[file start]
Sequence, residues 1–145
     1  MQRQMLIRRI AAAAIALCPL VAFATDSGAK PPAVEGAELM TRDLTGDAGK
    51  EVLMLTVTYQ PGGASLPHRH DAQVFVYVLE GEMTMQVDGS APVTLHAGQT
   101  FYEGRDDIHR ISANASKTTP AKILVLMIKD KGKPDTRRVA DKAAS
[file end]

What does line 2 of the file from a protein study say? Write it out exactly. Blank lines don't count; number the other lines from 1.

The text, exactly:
     1  MQRQMLIRRI AAAAIALCPL VAFATDSGAK PPAVEGAELM TRDLTGDAGK